And your locality had the population, tax base, and citizen support to make that happen. Many localities in the US don't. Some departments in those areas maintain an aggressive and calculated approach to fire suppression, while others are more conservative.Quote:
More importantly, all of our firefighters were capable of doing any job on the fireground without specifying whether or not they were capable of going interior.
A properly trained hose crew can knock the snot out of a fire. I have seen companies with 3 guys knock down heavy fire with no truck company coming and the next due engine 10 minutes out... two on the line, the pump operator, once the pressure is set grabs a tool and vents.Quote:
But that one hoseline can be more aggressive because they know they have a truck company ventilating and a truck company searching. They know that they have at least one other engine company operating a backup line. They know that they have personnel securing water. They know that there is enough command staff to observe fire conditions from the exterior and manage the incident. They know that they have a squad and a rescue, and in many cases, a truck as well, available for RIT or opening up the structure providing escape routes.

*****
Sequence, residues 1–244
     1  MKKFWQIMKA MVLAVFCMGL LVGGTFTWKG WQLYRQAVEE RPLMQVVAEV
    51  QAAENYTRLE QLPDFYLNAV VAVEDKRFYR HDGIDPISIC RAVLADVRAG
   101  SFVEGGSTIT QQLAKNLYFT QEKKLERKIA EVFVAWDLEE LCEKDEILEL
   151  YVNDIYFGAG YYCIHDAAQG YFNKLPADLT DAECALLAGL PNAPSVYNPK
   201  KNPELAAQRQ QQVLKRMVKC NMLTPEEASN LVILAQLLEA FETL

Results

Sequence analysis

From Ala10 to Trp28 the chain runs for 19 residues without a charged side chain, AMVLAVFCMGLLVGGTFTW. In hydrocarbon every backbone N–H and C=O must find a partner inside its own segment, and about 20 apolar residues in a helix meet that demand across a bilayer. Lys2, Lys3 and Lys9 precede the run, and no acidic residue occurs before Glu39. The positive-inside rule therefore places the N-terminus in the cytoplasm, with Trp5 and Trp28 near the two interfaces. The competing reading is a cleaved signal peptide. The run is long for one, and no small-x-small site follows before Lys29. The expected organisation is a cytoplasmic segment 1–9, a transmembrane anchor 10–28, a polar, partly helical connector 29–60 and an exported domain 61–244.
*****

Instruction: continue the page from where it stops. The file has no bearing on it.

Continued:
The members have likely also been to far more fires that Conrad and his partner, giving them far greater experience. They also have been to a far longer training period, and likely have superior daily training, than Conrad's department. And all of that is taught by instructors with far more experience than likely any instructor available to Conrad.
Fire burns the same whether it be in Manhattan or East Podunkville. As the first line goes, so goes the fire. You want to sit around and wait for all the vests in ICS to be flled, or wait for a chief to show up before doing anything, you are guaranteed to lose the building.Quote:
To compare Conrad's operation in a rural, or even suburban area, to an FDNY operation, and say that at any level they are the same, is foolish. There is simply no comparison on any level.
I've made friends with fire chiefs in a very poor area of our state, and have seen first-hand their interaction with the locals. For example, one department has a $6000/year total operating budget (for fuel, insurance, vehicle maintenance, turnout gear, etc, etc) and has to choose which vehicle will respond on calls based on which one will start when they get to the station. Yet they're still lauded by the public in the local newspapers when they do community minded things including running calls that may have a less-than-desirable outcome.